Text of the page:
As a liberal artist in my mid-thirties, I have to admit that while I was curious to see what the experts had to say, I was initially skeptical of how relevant I might find their advice to my own life. I suspected it might be outdated, preachy, too conservative for my taste, or too generic. On the contrary, I found the experts' words - as well as Pillemer's insightful synthesis - profound and often very moving. The book is a compelling, potent collection of guidance for how to live a meaningful life that's attuned to what really matters. The tone is never self-righteous. In fact, some of the most poignant advice stems from things the experts felt they got wrong, regrets they had, realizations in their final years about what was actually important. It's incredibly life-affirming to read about their successes as well as the lessons they learned through mistakes.

Pillemer organizes the book into six themes, including marriage, careers and happiness.
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Format: Hardcover Verified Purchase
At 20, I wouldn't have read it. I was in a hurry - learning, climbing. Mortality? Huh? At 30, it's family, career and it's obligations - no time to contemplate. Little time to read. At 40, I'm beginning to settle, mind is opening - I might have given this book a glance. But I'm wary. At x0, (I can't believe it or say it or type it). Where did the years go? My eyes are WIDE OPEN. I'm locked in on this book. Not sure how I tripped into the book. (Coincidence? Deepak Sharma would say Not.) I read an Amazon review where the reviewer described the book as "Profound." Really? How many top-10-list self-help books have I read? Not sure I can recall one lesson from these books. I was skeptical. (Highly). And I was wrong. (Again)

There is an estimated $1 billion spent each year on self-improvements books in the U.S. And more advice columns, television experts, and websites - all preaching advice of one sort or another. Yet none of them speak from experience of having lived and learned. Karl Pillemer, the author and a gerontologist at Cornell, interviewed more than 1,000 older Americans between the ages of 70 to 100 in search of lessons for living. He spent over 5 years on the project and summarized his findings in this book.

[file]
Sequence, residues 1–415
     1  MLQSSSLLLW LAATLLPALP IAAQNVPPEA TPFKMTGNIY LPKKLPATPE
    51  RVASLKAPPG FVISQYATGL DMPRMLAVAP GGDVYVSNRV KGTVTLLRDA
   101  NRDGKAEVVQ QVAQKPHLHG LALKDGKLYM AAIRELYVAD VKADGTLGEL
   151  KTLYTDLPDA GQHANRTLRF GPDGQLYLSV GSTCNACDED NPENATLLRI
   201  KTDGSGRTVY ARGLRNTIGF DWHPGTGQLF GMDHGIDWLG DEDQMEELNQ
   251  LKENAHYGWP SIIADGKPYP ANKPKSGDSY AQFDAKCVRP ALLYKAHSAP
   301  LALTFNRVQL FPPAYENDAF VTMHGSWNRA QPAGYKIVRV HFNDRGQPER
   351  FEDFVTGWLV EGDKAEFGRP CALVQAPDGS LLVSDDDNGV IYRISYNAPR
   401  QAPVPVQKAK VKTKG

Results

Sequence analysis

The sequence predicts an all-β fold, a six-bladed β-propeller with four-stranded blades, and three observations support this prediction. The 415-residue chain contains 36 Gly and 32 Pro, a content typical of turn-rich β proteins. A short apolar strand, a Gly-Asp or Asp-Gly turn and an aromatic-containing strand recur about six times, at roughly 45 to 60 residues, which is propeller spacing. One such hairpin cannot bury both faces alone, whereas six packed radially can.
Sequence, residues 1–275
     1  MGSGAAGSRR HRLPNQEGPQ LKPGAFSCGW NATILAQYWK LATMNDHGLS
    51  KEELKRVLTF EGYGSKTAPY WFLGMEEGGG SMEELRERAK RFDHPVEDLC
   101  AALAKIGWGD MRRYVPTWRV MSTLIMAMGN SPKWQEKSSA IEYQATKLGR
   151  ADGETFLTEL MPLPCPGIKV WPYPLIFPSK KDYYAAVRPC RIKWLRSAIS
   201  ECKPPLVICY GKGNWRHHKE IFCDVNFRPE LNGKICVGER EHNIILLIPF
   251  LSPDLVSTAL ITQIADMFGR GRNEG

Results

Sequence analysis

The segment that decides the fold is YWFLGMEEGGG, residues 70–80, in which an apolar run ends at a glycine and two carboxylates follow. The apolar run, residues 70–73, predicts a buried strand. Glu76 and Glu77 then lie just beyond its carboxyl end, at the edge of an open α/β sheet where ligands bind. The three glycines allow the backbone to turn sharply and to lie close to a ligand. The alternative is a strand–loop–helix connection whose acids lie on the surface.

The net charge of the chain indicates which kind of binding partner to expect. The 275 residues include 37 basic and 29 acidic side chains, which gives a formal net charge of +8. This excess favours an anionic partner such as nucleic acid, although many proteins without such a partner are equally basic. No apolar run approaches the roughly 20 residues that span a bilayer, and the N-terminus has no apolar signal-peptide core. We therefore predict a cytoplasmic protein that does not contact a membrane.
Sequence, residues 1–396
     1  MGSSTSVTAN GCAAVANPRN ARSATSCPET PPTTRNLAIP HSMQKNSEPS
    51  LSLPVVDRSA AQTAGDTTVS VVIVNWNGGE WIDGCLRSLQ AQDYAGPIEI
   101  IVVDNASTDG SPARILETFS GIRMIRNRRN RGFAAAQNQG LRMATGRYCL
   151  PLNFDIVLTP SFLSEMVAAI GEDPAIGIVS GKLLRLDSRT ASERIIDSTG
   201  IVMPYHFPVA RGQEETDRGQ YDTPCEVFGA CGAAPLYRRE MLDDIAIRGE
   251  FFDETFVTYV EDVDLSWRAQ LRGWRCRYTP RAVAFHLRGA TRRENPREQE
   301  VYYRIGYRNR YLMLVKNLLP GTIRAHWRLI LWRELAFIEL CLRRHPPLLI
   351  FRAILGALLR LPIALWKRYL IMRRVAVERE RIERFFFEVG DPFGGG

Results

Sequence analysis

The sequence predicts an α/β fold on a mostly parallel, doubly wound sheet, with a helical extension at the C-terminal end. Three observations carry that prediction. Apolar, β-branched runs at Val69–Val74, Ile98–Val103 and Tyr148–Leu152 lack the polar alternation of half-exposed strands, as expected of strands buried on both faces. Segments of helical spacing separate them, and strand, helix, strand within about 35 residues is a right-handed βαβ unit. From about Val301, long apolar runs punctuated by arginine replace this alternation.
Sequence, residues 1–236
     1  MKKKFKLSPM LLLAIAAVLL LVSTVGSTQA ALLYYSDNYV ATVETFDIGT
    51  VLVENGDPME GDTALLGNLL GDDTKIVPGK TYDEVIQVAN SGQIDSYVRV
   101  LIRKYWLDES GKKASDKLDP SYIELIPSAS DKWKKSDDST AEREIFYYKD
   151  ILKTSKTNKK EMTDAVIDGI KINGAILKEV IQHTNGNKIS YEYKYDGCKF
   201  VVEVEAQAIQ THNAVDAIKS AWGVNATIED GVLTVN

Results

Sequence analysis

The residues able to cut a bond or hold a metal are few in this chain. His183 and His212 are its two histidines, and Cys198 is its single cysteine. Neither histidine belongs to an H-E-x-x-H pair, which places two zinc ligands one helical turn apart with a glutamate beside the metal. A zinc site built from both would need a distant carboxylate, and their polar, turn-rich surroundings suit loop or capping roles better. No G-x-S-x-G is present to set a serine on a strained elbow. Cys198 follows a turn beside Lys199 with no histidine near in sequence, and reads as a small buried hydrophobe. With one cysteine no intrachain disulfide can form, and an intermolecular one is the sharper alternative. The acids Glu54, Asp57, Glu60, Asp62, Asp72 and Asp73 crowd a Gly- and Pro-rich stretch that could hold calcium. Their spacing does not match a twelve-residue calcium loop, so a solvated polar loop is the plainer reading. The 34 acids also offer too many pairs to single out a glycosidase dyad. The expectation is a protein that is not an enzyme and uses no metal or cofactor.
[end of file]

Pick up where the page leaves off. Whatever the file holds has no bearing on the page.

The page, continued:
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Format: Hardcover
30 Lessons for Living is a book to be savored. Written by Karl Pillemer, gerontologist and researcher at Cornell University, it is a product of the author's Legacy Project, a series of surveys and interviews conducted of those over 65, the "experts" on living to whom the book is dedicated. The purpose of the research is to identify the keys to the good life that those of a certain age have managed to uncover.

The book is broken down into several major themes having to do with such things as marriage, parenting, careers, health, and most generally how to achieve happiness. The lessons presented, with some exceptions--it's normal to have a favorite child--are not exactly earth-shattering. But the beauty of the book comes from the diversity of voices and individual expression that refract and enrich the observations from people who are remarkably aware and self-reflective.

Unfortunately, for stylistic reasons and because--at their age they know better--the thoughts and advice given here will be lost on youth. But for those who, like this writer, are on the cusp of seniorhood, the insights on lives well-lived are both instructive and heartening. This is a very good book for an individual reader contemplating life's "golden" years, even better if it can be shared across generations.
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Format: Kindle Edition Verified Purchase
I'm a physician who has been in practice for 28 years. One of the joys and privileges that I've always discussed and appreciated is the ability to speak to my older patients about their lives and experiences. I can't even begin to tell you how much I have enjoyed doing that and the amount that I have learned. They have much to say and we have much to learn.

Buy this book.In a disposable culture, books like this can lead to personal and cultural changes that are so necessary to help appreciate what life has to offer.